September kicks off a whole string of consumer electronics being revealed to the general public. We’ve got new Nokia phones, new Droids, the iPhone 5 is all but confirmed as being revealed next week, but today, Amazon gets the spotlight for its consumer electronics. So, what have they rolled out, and should you care?
Short answer: If you’re looking for an e-reader or a media streaming device, yes. If you’re looking for an actual tablet, no.
Bezos kicked off the talk by saying that people don’t want Android tablets because they’re “gadgets.” Amazon is all about services! Then Bezos spent an hour and a half getting into technical detail about how their “tablets” are so much better than everyone else’s.
First up, the Kindle Paperwhite. This is a cool gadget: vividly bright screen, 62% higher resolution, 8 weeks (!) of battery life even with the powerful light on and capacitive touch. That’s a pretty major overhaul. There are other little software features as well, like author bios and little tools to determine how long it’ll take to finish a chapter. All in all, it’s a major step forward for the Kindle e-reader.
Should You Care?: If you don’t want a tablet and just want an ereader? Absolutely. If you already have a tablet? I’m not seeing a compelling reason to switch. Especially since the 3G version of the Paperwhite is $180.
The old Kindle also has a better screen and a price drop: It’s now down to $69 from $79. Nothing earth-shaking here, but possibly a good Christmas gift.
The Kindle Fire has largely gotten a facelift. It’s 40% faster, has twice the RAM, and a longer battery life. It’s also $160.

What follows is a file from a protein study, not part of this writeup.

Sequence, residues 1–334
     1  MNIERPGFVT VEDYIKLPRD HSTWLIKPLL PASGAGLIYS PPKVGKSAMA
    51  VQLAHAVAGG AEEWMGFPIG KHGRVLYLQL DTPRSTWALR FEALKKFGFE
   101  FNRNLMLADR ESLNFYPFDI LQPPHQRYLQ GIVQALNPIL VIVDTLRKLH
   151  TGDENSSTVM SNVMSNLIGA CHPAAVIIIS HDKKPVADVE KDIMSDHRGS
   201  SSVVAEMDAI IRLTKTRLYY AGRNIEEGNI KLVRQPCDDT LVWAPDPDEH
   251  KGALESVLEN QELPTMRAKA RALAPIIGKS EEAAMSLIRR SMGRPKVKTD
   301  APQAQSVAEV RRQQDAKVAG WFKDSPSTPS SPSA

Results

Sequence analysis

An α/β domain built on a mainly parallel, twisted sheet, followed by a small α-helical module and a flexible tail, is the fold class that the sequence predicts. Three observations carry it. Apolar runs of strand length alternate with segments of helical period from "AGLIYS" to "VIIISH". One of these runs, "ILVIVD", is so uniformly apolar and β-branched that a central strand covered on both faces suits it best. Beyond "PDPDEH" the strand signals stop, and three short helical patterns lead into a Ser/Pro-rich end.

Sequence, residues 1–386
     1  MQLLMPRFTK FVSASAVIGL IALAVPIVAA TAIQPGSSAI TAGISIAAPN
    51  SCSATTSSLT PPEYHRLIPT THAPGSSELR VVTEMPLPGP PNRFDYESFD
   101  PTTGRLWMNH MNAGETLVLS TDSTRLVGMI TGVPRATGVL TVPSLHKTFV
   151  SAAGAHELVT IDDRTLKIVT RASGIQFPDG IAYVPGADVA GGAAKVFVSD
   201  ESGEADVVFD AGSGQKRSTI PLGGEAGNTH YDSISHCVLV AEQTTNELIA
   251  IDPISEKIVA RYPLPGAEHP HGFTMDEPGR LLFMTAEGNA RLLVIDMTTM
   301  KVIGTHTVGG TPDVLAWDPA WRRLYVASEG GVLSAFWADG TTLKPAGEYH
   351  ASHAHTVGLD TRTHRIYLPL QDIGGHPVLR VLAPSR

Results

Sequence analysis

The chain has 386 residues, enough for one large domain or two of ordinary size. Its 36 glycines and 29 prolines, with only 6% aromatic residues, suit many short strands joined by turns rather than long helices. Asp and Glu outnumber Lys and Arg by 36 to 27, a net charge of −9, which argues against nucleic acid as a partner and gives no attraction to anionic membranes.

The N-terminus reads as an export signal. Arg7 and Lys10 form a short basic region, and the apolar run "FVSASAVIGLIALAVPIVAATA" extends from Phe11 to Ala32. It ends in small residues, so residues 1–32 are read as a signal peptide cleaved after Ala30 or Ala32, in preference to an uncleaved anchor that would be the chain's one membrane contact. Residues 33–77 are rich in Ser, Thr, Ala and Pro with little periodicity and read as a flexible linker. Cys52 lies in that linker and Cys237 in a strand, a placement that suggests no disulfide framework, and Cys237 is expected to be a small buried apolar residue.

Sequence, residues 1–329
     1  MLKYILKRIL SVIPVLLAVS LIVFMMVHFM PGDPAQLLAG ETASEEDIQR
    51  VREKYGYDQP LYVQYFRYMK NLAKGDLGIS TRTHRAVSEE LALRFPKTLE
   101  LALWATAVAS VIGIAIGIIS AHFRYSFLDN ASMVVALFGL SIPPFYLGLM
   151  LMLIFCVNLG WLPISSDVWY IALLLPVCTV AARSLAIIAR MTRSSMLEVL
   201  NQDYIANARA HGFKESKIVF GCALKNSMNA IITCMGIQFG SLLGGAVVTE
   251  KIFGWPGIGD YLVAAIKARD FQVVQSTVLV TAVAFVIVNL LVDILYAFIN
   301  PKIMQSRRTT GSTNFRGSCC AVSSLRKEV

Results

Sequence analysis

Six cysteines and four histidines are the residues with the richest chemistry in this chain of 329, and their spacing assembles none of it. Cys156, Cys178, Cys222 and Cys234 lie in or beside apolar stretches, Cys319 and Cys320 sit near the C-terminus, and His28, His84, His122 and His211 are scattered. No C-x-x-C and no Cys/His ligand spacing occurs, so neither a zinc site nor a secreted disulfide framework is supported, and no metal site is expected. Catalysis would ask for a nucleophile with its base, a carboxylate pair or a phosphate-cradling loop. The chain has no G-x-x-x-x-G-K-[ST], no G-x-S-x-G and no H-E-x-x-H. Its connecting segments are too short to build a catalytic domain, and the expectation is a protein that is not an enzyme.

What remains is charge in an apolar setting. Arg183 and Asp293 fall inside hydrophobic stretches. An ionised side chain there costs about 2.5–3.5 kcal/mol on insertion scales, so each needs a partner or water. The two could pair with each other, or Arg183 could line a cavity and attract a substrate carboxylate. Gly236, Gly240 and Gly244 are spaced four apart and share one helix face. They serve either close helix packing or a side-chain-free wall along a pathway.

Next there’s Amazon’s would-be iPad killer, the Kindle Fire HD. It comes in two sizes, nine inches and seven inches. Amazon claims its processor is better than the Tegra 3, a claim that’s certainly possible but I’m doubtful will be true in day-to-day use.
Sound-wise, it’s got Dolby Digital Plus and two speakers, meaning it’s going to sound pretty good for a tablet. In terms of WiFi, it’s got both 2.4 GHz and 5 GHz antennas, which is slightly overkill.
Unsurprisingly, the Kindle Fire HD is also a roomy beast, starting at 16GB. The 16GB will start at $199 for the seven incher, and $299 for the nine-incher. You can also get a 4G LTE nine-incher with 32GB of storage for $500.
Should You Care?: No. For all the trash Bezos talked, and for all the seemingly amazing technical specifications, these are not tablets. They’re Amazon streaming devices. If that’s what you want, buy it. It looks great. If all you want is something to stream movies, read books, and listen to music with, this will fit the bill admirably.
But if you want something like an iPad or a Nexus 7, something that can run apps and gives you more choice and flexibility, buy those instead. Amazon can talk tough all it wants: In the end, it’s not even playing the same sport.